On Mon, Oct 7, 2019 at 11:52 PM Josef Wolf <j...@raven.inka.de> wrote: > > Hello, > > This is a repost, since the original message seems to have been lost somehow. > > > I am trying to add a file to an arbitrary branch without touching the current > worktree with as little overhead as possible. This should work no matter in > which state the current worktree is in. And it should not touch the current WT > in any way. > > For this, the sparse-checkout feature in conjuntion with the "shared > repository" feature seems to be perfect.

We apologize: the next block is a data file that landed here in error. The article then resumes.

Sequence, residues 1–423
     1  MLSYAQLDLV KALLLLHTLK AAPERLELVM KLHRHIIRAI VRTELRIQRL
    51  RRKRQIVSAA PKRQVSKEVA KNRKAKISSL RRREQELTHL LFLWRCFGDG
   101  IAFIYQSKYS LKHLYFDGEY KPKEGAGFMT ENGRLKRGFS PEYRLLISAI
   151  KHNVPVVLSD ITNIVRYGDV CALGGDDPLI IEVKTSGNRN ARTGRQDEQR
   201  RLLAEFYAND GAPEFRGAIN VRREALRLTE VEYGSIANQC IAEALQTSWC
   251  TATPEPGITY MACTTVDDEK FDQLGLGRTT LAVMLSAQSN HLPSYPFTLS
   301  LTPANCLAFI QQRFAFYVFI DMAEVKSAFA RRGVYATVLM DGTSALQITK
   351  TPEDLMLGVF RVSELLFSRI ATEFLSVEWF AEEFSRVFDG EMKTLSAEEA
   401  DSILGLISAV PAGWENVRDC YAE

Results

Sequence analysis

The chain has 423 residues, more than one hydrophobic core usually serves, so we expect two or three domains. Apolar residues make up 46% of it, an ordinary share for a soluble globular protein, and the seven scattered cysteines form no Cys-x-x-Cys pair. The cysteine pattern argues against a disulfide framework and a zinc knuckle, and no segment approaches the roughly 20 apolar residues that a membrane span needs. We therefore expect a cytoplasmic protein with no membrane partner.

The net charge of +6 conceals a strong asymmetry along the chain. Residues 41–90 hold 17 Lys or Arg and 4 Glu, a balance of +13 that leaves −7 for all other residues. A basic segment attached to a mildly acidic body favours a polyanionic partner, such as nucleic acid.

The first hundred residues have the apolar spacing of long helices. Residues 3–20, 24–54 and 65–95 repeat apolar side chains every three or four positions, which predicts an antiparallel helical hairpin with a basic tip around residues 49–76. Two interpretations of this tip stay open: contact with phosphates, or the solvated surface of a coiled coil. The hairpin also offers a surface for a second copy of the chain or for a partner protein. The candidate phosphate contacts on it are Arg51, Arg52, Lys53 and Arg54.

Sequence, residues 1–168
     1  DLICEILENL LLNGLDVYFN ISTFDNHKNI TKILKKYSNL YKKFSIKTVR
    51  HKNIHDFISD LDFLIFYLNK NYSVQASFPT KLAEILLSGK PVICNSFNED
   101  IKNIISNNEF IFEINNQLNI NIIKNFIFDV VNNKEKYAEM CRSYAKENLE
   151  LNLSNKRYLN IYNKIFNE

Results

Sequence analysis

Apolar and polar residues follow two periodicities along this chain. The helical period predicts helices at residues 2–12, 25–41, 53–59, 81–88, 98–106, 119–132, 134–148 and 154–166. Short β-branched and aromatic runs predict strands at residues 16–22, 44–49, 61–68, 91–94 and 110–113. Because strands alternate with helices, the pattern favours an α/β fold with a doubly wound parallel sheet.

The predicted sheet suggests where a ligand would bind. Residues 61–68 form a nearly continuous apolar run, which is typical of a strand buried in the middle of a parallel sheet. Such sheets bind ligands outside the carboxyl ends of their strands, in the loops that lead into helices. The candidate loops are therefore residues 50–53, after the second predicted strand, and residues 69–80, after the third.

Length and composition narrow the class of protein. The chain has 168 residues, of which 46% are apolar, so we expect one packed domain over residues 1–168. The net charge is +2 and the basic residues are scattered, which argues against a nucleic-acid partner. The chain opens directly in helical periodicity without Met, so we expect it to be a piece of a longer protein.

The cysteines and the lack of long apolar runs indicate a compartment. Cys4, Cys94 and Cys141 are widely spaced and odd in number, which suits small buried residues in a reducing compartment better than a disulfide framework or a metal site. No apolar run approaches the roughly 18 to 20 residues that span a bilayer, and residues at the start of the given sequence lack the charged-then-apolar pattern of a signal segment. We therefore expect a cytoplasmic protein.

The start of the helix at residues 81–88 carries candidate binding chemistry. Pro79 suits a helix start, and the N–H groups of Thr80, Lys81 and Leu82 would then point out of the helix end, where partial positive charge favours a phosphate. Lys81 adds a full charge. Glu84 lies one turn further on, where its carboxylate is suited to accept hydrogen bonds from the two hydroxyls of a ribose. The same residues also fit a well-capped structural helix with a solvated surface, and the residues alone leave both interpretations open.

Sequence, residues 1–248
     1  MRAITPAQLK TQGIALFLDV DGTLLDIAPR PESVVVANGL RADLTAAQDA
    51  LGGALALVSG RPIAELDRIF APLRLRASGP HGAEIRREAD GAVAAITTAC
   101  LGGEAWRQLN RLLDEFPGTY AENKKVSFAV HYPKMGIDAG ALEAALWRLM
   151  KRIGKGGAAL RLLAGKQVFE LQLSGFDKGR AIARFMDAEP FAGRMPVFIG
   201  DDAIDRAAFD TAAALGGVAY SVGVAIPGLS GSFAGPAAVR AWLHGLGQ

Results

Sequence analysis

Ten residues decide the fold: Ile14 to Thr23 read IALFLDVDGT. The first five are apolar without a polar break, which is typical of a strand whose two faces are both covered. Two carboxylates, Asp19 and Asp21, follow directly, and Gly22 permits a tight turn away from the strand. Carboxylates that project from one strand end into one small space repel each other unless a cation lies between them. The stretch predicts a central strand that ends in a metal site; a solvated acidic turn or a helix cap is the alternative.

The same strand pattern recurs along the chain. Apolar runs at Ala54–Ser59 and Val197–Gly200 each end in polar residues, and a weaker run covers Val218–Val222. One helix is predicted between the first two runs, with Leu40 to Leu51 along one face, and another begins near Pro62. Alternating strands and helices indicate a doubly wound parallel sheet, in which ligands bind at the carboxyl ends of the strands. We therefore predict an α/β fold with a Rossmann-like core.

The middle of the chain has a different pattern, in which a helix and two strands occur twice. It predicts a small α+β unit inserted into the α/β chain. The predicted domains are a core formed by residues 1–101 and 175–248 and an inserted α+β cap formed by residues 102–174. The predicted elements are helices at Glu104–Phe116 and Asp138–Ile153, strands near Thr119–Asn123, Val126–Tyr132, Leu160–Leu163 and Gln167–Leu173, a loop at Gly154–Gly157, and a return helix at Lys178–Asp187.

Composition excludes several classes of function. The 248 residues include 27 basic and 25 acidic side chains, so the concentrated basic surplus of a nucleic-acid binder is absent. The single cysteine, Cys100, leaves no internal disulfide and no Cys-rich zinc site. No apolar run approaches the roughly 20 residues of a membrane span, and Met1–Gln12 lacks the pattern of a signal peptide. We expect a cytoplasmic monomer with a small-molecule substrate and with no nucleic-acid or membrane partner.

I can see the logical progression that a sparse worktree would be less overhead than a full worktree, and that a bare worktree would be even better. But you're still dealing with unnecessary overhead; you don't need a worktree at all to achieve what you want. Traditionally, if you wanted to modify another branch without touching the worktree at all, you would use a combination of hash-object, mktree, commit-tree, and update-ref. That would be a better solution to your problem than trying to approximate it with a sparse checkout. However, that's at least four invocations of git, and you said as little overhead as possible, so I'd recommend you use fast-import. But, since you asked some other questions about sparse checkouts... > The basic idea goes like this: > > > TMP=`mktemp -d /var/tmp/test-XXXXXXXXX` > GD=$TMP/git > WD=$TMP/wd > > git --work-tree $WD --git-dir $GD clone -qns -n . $GD > git --work-tree $WD --git-dir $GD config core.sparsecheckout true > echo path/of/file/which/I/want/to/create >>$GD/info/sparse-checkout > > git --work-tree $WD --git-dir $GD checkout -b some-branch > remotes/origin/some-branch # !!! > > ( cd $WD > mkdir -p path/of/file/which/I/want/to > echo huhuh >path/of/file/which/I/want/to/create > git --work-tree $WD --git-dir $GD add path/of/file/which/I/want/to/create > git --work-tree $WD --git-dir $GD commit > git --work-tree $WD --git-dir $GD push > ) > > rm -rf $TMP > > > Unfortunately, the marked command errors out with > > "error: Sparse checkout leaves no entry on working directory" > > and won't create/switch to the branch that is to be modified. > > Why is this an error? Since there are no matching files, an empty worktree > is EXACTLY what I wanted. Why will the "git checkout -b" command error out? It is very easy to mess up the sparse specifications. We can't check for all errors, but a pretty obvious one is when people specify restrictions that match no path. We can at least give an error in that case. There are times when folks might intentionally specify paths that don't match anything, but they are quite rare. The ones I can think of: 1) When they are doing something exotic where they are just trying to approximate something else rather than actual use sparse checkouts as intended. 2) When they've learned about sparse checkouts and just want to test what things are like in extreme situations. Case 1 consists of stuff like what you are doing here, for which there are better solutions, or when I was attempting to simulate the performance issues microsoft folks were having with a really large repo and knowing they used sparse checkouts as part of VFS-for-git (I created a very large index and had no entries checked out at first, but then ran into these errors, and added one file to the index and had a sparse specification match it.) For case 2, people learn that an empty working tree is a too extreme situation that we'll throw an error at and so they adjust and make sure to match at least one path. > Strange enough, I have some repositories at this machine where the > .git/info/sparse-checkout file contains only non-existing files and git > happily executes this "git checkout -b XXX remotes/origin/XXX" command leaving > the working tree totally empty all the time. I can't reproduce: $ git config core.sparseCheckout true $ echo 'non-existent' > .git/info/sparse-checkout $ git checkout -b next origin/next error: Sparse checkout leaves no entry on working directory Can you provide any more details about how you get into this state? > Someone understands this inconsistent behaviour? No, but I wouldn't be surprised if there are bugs and edge cases. I think I ran into one or two when testing things out, didn't take good enough notes, and had trouble reproducing later. The sparse checkout stuff has been under-tested and not well documented, something Stolee is trying to fix right now.